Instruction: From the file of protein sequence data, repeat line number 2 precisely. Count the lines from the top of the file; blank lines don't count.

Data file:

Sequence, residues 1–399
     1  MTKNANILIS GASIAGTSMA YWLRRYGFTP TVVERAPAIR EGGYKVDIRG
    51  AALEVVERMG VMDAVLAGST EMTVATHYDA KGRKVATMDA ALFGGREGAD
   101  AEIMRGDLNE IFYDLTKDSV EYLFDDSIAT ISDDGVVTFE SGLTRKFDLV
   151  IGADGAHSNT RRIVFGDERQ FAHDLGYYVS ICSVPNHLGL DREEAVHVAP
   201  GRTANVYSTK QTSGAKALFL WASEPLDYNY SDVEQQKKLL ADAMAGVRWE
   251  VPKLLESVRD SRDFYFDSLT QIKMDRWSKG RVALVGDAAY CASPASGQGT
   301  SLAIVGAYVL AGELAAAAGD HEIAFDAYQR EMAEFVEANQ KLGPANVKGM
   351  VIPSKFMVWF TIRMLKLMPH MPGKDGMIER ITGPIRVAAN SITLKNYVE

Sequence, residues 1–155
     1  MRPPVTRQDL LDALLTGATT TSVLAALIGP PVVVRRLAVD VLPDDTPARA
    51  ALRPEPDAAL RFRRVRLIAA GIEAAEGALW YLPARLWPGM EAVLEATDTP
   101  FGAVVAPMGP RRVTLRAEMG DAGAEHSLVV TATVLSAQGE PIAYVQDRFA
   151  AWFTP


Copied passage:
     1  MTKNANILIS GASIAGTSMA YWLRRYGFTP TVVERAPAIR EGGYKVDIRG